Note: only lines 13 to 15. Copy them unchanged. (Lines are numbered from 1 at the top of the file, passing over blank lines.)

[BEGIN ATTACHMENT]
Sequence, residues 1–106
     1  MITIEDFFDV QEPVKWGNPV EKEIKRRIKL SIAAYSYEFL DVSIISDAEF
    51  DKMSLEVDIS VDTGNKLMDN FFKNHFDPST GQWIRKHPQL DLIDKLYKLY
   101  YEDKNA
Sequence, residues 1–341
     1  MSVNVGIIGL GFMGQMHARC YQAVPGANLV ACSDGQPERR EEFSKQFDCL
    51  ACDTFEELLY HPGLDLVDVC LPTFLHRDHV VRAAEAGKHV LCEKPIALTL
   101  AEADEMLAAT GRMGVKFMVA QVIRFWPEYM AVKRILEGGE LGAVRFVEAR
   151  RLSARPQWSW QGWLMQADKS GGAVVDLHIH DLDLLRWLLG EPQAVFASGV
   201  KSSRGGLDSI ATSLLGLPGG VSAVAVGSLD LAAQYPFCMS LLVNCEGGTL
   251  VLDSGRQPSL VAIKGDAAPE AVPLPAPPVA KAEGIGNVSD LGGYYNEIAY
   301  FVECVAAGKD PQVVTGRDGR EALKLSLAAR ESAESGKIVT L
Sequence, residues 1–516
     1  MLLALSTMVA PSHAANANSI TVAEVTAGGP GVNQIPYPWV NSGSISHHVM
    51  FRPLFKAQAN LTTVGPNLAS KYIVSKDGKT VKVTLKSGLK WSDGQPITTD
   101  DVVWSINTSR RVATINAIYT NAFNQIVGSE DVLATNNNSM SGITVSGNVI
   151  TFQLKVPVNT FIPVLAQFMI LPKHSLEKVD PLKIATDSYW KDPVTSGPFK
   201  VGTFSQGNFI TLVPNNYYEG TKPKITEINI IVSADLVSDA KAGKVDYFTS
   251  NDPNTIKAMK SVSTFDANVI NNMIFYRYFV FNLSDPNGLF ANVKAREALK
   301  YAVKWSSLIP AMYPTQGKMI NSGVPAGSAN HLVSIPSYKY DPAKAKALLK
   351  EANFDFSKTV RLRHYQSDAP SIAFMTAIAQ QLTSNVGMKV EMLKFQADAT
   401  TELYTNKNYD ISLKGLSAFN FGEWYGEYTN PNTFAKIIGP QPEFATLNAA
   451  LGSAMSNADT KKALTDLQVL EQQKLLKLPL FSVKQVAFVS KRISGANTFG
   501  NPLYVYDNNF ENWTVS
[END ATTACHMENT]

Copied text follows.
Sequence, residues 1–516
     1  MLLALSTMVA PSHAANANSI TVAEVTAGGP GVNQIPYPWV NSGSISHHVM
    51  FRPLFKAQAN LTTVGPNLAS KYIVSKDGKT VKVTLKSGLK WSDGQPITTD